This letter was published by Netanyahu’s office has been circulated with mixed responses. After the flytilla came through the Public Diplomacy page summarized:
“The Israel Police Implemented security measures today at Israels international airport in order to prevent any disruptions and and disturbances. 78 activists were denied entry into Israel. 18 flew back to the countries they came from and others will fly back within 24 hours. 9 Israelis were detained for causing public disturbances at the Arrival Terminal and where questioned by Police. “
Overall it went by pretty quietly and doesn’t seem to be a real success. That mostly depends on your political position though…for or against….
These days you need to keep and make new friends. Benjamin Netanyahu and wife visited Cyprus in a historic one day trip. He met with Dimitris Christofias the PM and signed a mutual rescue agreement that allows both countries to send troops for a limited time to the other country in times of a disaster.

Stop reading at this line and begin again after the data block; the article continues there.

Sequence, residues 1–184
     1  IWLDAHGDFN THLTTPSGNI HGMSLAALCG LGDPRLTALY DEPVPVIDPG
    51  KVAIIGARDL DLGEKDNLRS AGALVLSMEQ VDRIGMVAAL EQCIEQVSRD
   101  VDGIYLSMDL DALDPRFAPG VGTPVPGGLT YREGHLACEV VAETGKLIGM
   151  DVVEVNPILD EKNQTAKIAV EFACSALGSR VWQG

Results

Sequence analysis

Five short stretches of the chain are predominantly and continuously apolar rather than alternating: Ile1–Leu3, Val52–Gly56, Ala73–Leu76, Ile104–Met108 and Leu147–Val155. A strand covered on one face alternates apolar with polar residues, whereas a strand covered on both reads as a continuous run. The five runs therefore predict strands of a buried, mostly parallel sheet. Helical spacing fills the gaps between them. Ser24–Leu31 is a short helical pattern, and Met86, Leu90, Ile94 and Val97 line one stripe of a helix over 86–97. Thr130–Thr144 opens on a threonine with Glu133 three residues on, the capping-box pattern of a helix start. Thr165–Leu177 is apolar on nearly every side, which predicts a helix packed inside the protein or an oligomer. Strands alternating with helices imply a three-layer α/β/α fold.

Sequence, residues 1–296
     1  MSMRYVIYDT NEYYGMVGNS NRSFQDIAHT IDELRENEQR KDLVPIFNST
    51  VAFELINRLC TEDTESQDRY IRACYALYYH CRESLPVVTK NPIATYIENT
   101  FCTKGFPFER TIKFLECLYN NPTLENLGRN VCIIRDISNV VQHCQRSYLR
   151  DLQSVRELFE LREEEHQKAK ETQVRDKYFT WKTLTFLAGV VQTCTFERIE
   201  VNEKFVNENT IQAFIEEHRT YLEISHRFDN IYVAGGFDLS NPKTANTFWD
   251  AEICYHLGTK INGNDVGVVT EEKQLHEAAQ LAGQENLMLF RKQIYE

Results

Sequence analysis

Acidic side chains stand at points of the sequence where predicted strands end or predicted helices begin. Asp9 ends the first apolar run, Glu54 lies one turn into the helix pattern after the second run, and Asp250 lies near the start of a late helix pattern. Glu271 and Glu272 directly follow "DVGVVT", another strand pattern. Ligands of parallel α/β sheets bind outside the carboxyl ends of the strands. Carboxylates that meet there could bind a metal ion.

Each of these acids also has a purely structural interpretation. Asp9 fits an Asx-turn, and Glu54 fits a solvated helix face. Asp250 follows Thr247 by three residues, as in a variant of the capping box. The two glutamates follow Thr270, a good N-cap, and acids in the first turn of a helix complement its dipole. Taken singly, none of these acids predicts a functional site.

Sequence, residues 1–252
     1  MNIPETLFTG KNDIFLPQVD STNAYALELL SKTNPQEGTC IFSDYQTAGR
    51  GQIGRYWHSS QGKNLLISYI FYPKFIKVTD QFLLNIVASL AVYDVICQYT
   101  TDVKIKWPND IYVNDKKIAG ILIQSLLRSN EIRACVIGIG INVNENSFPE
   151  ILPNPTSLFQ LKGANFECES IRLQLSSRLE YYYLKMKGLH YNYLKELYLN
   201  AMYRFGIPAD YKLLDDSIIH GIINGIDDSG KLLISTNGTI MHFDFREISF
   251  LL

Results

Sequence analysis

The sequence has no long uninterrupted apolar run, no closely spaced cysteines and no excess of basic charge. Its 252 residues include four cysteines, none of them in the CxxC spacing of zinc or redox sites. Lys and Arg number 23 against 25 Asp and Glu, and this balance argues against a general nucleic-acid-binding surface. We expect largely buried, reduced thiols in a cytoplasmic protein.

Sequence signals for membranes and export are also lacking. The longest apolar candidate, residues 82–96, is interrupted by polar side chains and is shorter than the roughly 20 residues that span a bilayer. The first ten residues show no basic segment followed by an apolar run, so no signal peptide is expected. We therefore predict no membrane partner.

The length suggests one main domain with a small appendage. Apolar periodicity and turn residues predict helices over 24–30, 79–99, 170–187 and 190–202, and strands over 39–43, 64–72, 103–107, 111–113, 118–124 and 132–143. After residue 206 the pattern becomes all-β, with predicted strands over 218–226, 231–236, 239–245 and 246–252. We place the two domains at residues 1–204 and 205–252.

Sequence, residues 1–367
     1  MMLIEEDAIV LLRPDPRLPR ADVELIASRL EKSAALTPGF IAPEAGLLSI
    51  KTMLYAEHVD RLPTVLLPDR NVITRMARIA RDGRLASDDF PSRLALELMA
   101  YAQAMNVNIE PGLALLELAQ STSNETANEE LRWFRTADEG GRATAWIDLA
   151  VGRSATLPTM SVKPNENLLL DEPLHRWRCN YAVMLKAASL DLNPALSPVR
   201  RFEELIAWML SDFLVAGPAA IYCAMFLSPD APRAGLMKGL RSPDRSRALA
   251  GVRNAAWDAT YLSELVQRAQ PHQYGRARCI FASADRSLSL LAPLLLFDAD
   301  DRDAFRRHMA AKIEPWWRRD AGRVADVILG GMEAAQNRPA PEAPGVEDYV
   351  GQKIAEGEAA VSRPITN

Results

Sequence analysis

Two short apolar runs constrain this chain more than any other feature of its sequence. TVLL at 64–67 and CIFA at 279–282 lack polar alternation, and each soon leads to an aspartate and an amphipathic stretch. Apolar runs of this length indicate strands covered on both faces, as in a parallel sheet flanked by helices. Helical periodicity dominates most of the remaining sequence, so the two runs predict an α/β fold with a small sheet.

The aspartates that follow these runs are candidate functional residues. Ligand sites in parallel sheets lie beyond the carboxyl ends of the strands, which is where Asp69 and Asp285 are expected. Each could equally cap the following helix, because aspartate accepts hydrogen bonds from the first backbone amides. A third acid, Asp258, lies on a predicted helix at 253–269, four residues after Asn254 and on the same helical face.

The same agreement was once in place with Turkey but since relations went downhill, this is a little message to the Turks that no one is irreplaceable.
Netanyahu said that “the sanctions on Iran are not working. We are dealing with a country that break all international codes of behavior.” He also said that the US and other countries should worry about a country like Iran holding a nuclear weapon.
Cyprus also has a tense relationship with Turkey that’s blaming it for drilling for Natural Gas in its territorial waters. That has also made the relations with Israel more important recently for Cyprus.
During some previous discussions Israel has asked to place some fighters in Cyprus. The same sort of discussions have gone on with Greece, which has also been getting chummy with Israel.
Bibi’s new modus operandi is apparently negotiating with terrorists. And Egypt’s quasi military government working in a caretaker capacity isapparently, for all intents and purposes, terrorists.